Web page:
Amiga users should remember that, unlike most other versions of BASIC, Amiga Basic doesn't use line numbers. In an Amiga Basic program, line numbers are treated as labels; the numeric value of the line number is not significant. That is, if you type in the main program, then type line 20 from Program 5, the added line will not automatically be placed between the existing lines labeled 10 and 30. Instead, the line is added at the position where it is typed. When adding the lines from Program 5 to the main program, you must manually position the cursor in theproper spot in the listing before entering each line.
To save time in the future, you may wish to enter and save the following program line as a boot program for running The Hermit:
CLEAR ,25000 : CLEAR ,50000& : RUN "HERMIT"
Now, to run The Hermit, simply run this program. This line assumes that you saved The Hermit program using the file name HERMIT.
Two separate programs are provided for the eight-bit Atari computers (400, 800, XL, and XE models). If you have one of these computers, type in and save Programs 6 and 7.
Program 6 is the main game program for The Hermit. Before running Program 6 for the first time, you must run Program 7. (You don't need to run Program 7 each time you play the game, run it only before the first time you play.) Program 7 saves important data files to disk. These data files are vital to the adventure. In fact, when you run The Hermit (Program 6), you should make sure that the disk containing these files is placed in the disk drive. The computer will access these files while you are playing the adventure.
|CLOSE||CLOSE BOX||CUT||CUT VINE|
|DRINK||DRINK ELIXIR||DROP||DROP LANTERN|
|EXAMINE||EXAMINE PEDESTAL||EXIT||EXIT RAFT|
|PUT||PUT FLARE (then enter) GUN|
By default, program 7 creates its data files on the disk found in D1:. By altering the string variable DRIVE$ in line 20, you can change this. For example, if you own an Atari 130XE, you can set DRIVE$ equal to "D8:" in order to take advantage of the computer's ramdisk. (If you use the ramdisk, you must run program 7 before each game to create the necessary data files. Remember that the contents of a ramdisk are lost whenever the computer is turned off). If the data files are not on the disk in drive 1, you must change line 20 of Program 8 so that the main program knows where to look for its data.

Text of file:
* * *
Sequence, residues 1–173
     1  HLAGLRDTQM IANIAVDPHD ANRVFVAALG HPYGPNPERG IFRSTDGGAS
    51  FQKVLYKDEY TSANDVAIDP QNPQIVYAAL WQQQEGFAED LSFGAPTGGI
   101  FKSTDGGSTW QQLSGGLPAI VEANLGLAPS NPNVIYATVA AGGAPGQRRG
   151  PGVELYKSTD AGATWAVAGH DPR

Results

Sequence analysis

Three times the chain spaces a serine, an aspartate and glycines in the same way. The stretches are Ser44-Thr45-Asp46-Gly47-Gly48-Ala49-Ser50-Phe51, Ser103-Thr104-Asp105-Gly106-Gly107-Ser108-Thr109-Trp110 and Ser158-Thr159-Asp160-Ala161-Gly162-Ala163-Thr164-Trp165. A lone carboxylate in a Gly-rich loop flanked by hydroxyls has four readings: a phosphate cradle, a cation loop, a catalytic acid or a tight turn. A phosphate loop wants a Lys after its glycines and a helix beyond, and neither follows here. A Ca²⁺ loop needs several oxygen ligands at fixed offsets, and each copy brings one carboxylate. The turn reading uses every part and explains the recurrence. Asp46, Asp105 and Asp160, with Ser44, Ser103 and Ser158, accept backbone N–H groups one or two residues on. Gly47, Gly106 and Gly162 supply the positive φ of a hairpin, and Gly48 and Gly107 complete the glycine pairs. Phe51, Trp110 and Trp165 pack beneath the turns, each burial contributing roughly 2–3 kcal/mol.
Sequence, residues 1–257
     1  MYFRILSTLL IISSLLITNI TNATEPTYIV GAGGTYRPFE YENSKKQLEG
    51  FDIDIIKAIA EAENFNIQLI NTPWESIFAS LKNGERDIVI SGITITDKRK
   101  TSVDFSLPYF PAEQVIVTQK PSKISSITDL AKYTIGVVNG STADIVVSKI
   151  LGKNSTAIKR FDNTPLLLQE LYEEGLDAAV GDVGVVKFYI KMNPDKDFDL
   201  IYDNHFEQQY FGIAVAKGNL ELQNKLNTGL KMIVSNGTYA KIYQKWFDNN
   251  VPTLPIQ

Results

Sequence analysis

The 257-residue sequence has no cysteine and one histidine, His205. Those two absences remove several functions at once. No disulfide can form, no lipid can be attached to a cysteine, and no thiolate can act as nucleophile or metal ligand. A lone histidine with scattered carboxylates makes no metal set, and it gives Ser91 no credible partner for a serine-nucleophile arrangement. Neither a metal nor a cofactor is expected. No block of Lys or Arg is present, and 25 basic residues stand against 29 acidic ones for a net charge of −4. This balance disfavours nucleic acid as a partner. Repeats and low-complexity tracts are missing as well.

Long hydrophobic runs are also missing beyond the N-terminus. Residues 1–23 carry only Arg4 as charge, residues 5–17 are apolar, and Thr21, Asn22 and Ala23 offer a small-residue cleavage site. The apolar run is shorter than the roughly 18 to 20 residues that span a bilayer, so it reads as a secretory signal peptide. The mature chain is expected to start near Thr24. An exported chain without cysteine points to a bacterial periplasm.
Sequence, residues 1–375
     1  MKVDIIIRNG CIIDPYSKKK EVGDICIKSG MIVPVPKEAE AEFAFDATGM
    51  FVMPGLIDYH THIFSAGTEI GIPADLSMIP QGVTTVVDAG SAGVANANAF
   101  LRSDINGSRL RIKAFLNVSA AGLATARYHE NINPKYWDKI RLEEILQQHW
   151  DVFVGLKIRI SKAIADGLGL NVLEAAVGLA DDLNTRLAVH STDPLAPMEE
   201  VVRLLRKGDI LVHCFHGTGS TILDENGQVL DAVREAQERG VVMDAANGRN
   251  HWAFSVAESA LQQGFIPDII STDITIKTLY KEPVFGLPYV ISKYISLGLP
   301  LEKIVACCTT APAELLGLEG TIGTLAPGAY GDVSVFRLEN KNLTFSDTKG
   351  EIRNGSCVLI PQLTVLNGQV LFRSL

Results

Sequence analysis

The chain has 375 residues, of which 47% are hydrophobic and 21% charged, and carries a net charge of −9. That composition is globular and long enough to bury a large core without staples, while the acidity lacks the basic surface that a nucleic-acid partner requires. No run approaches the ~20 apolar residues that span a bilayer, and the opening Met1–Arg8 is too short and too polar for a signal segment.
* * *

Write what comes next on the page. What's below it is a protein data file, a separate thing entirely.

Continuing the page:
Hints, Tips, And Clues
If you are the type of adventurer who does not need or want help, then read no further. If on the other hand, you find yourself stuck in a seemingly impossible situation, the following paragraphs should be of some assistance.
First, a good rule of thumb in any adventure program is to examine everything—clues may be hidden anywhere. And don't forget to make a map. Making a map of your adventure realm speeds up your journey and decreases your chances of missing any treasures. Also, pick up any object you find. You never know when an object may become useful. Finally, use your imagination. Successfully traversing an adventure takes a lot of creative problem solving.
Now for specific hints: If you are stuck in the hut, push the refrigerator. To take the pouch without falling through the floor, hook the pouch with your grappling hook. Drop the metal rod on the broken piece of track before entering the coal bin. To exit the room containing the pedestal,place has sapphire on top of the pedestal (don't forget to remove the sapphire before you leave).
You may climb the cliff by hooking it with the grappling hook. Build a raft out of logs and vine. Cut the vine from the giant oak. If you lift the mattress in the sunken ship, you will find a treasure. You may have to dive twice to avoid running out of air.
To avoid the bear, fire your flare at him. Light the mummy. Use the crossbow to shoot the stick at the leopard. If you rub the lamp while in the pentacle room, a demon will appear. Offer the demon the trident (you didn't really want it anyway). Answer the sphinx'squestion by saying water. Enter the door guarded by the dragon statue by putting sand in its mouth. Hit the rock using your pick to get the launch card. And last but not least, drop all treasures in the spaceship before attempting to blast off.
For instructions on entering these programs, please refer to "COMPUTE!‘s Guide to Typing In Programs" elsewhere in this issue.